The awe inspiring Tiger tank...Hitler’s super weapon of the WW2 battlefield. So superior to all other tanks of the enemy that the Battle of Kursk was delayed to allow the Tiger 1 to spearhead the attack that would drive the Russians back and bring victory back to the Germans on the eastern front…or so they hoped. “The Last Citadel” by David L Robbins is a fictional novel based on this premise and this is my review.
The Last Citadel by David L Robbins, is a fictional book based on historical events surrounding the epic tank battle at Kursk Russia in 1943 during WW2. The German forces were bogged down by the Russian winter, the Russian victory at Stalingrad and then the subsequent spring rain and mud. In the summer of 1943 the Germans had amassed a huge force to attack Russia and regain lost ground. This would lead to the largest tank battle in history and also lends a dynamic backdrop to this book.
There are 4 main characters that drive this story. The first is a Spanish officer Captain Luis Ruiz de Vega serving with the SS Liebstandarte Panzer Division. He was wounded in the Battle of Leningrad and is but a shell of his former greatness. The next 3 are all from the same Russian Cossack family. Dimitri Berko, a private driving the T-34 in the Soviet 3rd Mechanized Division. He is commanded by Sergeant Valentin Berko, Dimitri’s son, and Katya Berkovna, Dimitri’s daughter, a night bomber with the famous all-female bomber squadrons of the Red Air Force, so-called the Night Witches by the Germans that they bomb. The 3 main story lines follow de Vega being assigned to escort the new super panzer of the German Army, the Tiger 1 Panzerkampfwagen VI, via train to the front and assure that the Tigers are delivered intact. He then starts itching for action to command one of the Tigers at the Battle of Kursk. He soon realizes how the Tiger is most effective in battle. With Demitri and son Valentin in the same T-34 there is much of the father/son tension along with the tank battles that ensue.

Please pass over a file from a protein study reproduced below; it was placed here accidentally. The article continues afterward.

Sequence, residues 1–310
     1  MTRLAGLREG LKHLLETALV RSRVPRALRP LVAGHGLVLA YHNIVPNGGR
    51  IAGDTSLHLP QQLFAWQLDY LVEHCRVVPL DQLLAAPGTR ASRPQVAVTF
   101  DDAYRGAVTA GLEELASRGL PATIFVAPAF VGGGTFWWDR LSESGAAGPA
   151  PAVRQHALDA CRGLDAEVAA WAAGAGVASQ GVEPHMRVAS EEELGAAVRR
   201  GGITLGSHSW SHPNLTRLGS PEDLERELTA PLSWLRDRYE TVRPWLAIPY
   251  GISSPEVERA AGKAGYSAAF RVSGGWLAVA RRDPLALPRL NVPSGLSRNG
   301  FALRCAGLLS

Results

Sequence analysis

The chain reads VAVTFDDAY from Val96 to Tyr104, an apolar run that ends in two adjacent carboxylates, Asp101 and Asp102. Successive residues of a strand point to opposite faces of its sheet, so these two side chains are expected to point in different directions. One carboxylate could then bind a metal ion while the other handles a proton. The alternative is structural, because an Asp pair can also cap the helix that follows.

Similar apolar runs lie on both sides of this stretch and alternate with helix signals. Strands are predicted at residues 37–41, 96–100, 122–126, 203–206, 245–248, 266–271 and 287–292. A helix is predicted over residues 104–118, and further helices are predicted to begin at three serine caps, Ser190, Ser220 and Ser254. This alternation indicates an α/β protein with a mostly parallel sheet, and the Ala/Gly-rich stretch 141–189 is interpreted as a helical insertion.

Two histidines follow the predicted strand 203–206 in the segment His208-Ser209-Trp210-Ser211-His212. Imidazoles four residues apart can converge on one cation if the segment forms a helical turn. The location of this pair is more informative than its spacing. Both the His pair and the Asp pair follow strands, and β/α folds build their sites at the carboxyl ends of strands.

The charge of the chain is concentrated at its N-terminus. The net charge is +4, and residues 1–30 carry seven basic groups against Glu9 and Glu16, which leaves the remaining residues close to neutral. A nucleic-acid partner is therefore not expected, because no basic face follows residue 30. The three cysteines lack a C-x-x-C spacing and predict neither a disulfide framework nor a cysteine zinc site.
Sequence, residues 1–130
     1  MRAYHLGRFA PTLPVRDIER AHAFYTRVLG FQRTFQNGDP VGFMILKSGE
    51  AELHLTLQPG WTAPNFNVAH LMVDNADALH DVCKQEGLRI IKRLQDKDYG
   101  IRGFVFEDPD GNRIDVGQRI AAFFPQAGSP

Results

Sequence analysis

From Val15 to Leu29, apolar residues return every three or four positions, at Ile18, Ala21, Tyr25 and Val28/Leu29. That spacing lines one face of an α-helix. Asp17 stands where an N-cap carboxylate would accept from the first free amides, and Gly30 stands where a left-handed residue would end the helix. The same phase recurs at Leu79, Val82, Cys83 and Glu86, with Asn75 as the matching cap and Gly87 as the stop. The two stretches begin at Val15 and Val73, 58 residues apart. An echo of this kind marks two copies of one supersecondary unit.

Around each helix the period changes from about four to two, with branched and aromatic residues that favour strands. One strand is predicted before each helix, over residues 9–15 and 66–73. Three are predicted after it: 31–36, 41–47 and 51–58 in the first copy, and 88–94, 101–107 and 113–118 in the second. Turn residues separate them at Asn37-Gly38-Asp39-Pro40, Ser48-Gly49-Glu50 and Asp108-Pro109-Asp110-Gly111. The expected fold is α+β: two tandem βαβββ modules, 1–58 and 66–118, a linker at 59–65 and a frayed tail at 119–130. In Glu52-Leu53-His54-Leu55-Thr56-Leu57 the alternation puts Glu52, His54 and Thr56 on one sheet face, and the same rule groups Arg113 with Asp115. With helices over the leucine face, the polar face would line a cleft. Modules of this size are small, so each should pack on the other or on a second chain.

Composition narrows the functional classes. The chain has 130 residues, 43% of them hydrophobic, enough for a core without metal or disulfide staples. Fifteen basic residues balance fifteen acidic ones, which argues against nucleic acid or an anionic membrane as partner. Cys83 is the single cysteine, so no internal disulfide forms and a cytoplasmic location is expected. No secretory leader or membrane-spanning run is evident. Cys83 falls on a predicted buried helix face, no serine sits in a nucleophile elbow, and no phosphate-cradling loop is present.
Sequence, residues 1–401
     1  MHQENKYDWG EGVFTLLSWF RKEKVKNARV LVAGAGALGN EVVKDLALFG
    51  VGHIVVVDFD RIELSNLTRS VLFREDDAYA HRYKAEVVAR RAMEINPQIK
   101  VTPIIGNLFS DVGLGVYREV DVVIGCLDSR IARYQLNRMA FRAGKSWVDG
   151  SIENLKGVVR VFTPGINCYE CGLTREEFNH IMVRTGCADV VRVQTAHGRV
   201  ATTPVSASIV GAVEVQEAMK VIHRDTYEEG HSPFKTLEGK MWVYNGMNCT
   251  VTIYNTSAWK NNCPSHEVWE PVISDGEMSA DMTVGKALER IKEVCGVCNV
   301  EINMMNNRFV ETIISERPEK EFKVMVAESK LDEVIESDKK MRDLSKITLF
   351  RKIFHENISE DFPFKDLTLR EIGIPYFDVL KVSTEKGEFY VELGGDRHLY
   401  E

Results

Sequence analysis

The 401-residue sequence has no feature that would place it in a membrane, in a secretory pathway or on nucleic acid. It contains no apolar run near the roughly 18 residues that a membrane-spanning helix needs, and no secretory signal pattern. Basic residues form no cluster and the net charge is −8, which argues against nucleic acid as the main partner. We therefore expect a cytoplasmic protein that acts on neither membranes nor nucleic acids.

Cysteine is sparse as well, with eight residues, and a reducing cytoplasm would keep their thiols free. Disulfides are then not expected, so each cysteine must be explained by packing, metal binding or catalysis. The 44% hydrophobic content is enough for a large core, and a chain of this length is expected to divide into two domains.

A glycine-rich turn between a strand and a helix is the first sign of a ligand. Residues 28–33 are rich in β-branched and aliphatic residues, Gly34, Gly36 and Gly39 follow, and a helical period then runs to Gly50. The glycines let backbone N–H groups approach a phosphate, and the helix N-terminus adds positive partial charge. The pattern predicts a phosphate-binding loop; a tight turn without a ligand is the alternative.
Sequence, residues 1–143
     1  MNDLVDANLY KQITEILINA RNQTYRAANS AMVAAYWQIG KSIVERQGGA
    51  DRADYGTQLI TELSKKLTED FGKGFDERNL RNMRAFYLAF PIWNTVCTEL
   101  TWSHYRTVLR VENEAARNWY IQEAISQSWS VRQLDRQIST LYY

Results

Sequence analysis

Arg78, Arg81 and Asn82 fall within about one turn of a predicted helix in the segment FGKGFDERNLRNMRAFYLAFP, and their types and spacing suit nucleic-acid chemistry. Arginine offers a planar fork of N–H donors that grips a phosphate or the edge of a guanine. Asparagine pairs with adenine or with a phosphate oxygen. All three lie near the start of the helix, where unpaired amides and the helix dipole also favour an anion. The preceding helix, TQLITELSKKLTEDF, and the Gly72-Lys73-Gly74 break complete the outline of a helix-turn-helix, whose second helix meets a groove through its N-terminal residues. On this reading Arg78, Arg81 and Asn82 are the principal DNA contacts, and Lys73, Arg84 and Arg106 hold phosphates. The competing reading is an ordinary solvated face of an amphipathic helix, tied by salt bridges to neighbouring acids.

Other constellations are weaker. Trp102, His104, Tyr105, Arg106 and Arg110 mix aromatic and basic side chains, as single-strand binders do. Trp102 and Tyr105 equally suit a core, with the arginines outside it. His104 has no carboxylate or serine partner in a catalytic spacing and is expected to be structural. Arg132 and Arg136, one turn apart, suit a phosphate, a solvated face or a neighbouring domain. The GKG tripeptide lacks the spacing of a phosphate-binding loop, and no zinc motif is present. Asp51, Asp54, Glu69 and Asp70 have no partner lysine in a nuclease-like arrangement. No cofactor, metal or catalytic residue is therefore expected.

The author keeps all entities separate into what seems like 3 different stories revolving around the build up to the tank battle at Kursk. Each character has there own well detailed back stories that are fleshed out through memories, flashbacks and boastful story telling during the breaks in the battles. The best aspect of this book is the historical accuracy and detail of the Tiger tank and the Battle of Kursk. This book was very close to being non-fiction in the level of detail, but also very engrossing character development. After reading about David L Robbins amount of research that was conducted, I knew just how realistic this book was. He had spent 3 weeks on the battlefields of Kursk in the middle of summer getting a feel for the heat and sun of the Russian steppes. He also trained in how to derail a train using explosives as the Partisan Russian
fighters attempted in stopping the shipment of the Tiger tanks in the story. Time was also spent in pouring over accounts from German and Russian tankers’ first hand battle accounts. “Hands on” equipment training was given to him ranging from small arms to the tanks at the Aberdeen Ordinance Museum in Maryland and being driven around in a restored Russian T-34 in Virginia.
David L Robbins certainly did his homework for this book and you will feel it when you read it. This is a must read for any Tiger 1 fan and any WW2 fan in general.